If the vehicle owner experiences any of the problems listed below, further investigations of the timing belt system and lubrication system will be required:

  • Power loss
  • Oil pressure warning light illuminates
  • Limp home mode activated
  • Diagnostic OBD/DTC codes logged in the Electronic Control Unit (ECU)

If the vehicle owner experiences the problems as listed above, it is likely OBD/DTC codes (as shown below) will be logged in the ECU. This will require further investigations of the timing belt system and lubrication system: 

  • P15A1 - Lubrication system - oil pressure too low in mechanical mode
  • P15A8 - Oil pressure fault - coherence with atmospheric pressure (oil pressure too low in relation to the atmospheric pressure)

PSA Petrol 1.0 & 1.2 EB0/EB2 - 3 Cylinder Puretech Engine: – Service Interval Recommended Checks:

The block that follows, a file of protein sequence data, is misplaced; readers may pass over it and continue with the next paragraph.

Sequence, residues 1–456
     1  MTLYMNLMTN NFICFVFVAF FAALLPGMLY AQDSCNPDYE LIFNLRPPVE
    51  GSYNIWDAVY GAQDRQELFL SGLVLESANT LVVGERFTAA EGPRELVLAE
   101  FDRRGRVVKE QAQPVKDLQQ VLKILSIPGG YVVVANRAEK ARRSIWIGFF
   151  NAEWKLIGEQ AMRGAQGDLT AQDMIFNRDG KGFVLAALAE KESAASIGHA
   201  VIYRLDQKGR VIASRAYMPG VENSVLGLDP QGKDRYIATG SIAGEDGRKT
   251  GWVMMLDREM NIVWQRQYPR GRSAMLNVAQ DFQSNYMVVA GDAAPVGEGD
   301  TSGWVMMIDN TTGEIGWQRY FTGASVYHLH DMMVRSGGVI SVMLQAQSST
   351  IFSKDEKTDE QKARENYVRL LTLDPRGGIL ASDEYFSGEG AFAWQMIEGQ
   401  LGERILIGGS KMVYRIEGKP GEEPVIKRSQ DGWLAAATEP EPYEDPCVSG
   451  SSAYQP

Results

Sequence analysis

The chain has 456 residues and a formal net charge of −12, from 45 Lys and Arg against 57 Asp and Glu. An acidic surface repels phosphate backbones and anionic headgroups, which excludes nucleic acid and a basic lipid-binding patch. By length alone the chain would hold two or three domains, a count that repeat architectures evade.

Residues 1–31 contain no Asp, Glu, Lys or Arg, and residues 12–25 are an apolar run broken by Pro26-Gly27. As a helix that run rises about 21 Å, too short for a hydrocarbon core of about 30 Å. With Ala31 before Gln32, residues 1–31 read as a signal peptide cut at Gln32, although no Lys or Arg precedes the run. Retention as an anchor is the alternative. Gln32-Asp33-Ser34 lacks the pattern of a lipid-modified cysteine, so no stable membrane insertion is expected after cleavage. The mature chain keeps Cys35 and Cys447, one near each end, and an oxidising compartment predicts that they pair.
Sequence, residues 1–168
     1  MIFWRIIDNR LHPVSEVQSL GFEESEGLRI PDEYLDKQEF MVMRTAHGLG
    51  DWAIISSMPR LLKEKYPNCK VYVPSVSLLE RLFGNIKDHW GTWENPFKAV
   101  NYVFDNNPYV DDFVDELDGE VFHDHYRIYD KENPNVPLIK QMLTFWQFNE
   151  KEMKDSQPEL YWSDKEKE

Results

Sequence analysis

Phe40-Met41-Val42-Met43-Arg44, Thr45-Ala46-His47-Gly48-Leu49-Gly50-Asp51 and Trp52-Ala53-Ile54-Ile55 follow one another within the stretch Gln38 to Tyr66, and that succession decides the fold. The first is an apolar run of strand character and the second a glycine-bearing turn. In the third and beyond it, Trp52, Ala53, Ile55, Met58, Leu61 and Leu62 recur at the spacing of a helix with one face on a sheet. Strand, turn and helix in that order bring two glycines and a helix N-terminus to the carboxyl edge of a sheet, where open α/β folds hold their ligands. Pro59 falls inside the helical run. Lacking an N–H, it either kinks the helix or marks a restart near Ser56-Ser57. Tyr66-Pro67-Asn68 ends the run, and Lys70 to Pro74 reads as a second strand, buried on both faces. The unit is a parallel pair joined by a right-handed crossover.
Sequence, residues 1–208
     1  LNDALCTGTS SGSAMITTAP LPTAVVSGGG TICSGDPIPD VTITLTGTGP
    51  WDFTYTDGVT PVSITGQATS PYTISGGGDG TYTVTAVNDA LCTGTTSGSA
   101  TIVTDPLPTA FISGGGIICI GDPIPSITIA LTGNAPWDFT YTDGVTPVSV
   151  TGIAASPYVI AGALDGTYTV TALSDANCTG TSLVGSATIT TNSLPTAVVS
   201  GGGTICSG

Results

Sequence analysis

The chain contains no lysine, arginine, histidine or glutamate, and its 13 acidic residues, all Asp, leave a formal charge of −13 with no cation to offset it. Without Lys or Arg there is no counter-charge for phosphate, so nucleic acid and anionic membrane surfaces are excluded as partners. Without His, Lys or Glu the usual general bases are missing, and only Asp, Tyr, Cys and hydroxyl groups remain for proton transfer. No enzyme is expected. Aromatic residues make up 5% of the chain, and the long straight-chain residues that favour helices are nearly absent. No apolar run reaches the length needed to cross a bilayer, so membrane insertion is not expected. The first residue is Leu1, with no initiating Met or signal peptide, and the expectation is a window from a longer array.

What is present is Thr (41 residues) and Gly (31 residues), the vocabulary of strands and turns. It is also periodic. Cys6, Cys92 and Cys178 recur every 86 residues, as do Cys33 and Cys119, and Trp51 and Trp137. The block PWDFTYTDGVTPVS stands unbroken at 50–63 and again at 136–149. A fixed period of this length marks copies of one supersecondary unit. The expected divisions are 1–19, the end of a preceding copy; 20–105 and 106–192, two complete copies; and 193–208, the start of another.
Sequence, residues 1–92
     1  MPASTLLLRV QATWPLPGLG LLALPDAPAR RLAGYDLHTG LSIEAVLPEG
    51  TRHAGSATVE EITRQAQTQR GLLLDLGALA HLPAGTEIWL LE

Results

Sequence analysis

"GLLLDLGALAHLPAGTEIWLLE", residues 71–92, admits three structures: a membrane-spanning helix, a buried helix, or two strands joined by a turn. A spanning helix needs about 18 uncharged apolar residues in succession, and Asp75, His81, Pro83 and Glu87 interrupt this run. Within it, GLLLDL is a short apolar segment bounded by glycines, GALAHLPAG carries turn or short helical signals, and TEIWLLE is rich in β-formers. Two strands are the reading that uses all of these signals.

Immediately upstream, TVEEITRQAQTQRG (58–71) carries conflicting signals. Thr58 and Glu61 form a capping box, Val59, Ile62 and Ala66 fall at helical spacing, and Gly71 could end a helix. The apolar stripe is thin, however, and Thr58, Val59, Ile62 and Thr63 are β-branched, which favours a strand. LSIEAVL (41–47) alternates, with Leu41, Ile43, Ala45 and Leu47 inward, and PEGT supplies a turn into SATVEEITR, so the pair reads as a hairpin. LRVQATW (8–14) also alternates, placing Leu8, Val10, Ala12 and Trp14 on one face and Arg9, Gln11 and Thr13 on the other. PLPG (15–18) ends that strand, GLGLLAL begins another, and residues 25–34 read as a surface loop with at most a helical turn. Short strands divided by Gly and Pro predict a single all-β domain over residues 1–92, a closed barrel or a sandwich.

A visual inspection of the belt should be carried out during service check intervals (approx) 12,000 - 16,000 miles (19,000 – 26,000 kms) or every 12 months. The condition of the back of the timing belt can be assessed when the engine oil filler cap is removed. Generally, if the back of the belt is shiny, smooth and black in appearance, without signs of cracking, the belt is in good condition. If cracks are visible, further investigation will be required.


Before proceeding further, it may be worth contacting the OEM to check if there are any outstanding recall or service notifications for the vehicle. Any further investigation and repairs may be covered by the vehicle manufacturer’s main dealerships.